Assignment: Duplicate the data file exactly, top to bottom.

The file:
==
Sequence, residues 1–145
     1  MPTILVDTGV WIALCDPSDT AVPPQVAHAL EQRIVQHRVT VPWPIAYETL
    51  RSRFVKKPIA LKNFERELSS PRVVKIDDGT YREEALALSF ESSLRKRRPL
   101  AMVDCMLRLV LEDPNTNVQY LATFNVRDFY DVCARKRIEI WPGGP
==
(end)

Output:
Sequence, residues 1–145
     1  MPTILVDTGV WIALCDPSDT AVPPQVAHAL EQRIVQHRVT VPWPIAYETL
    51  RSRFVKKPIA LKNFERELSS PRVVKIDDGT YREEALALSF ESSLRKRRPL
   101  AMVDCMLRLV LEDPNTNVQY LATFNVRDFY DVCARKRIEI WPGGP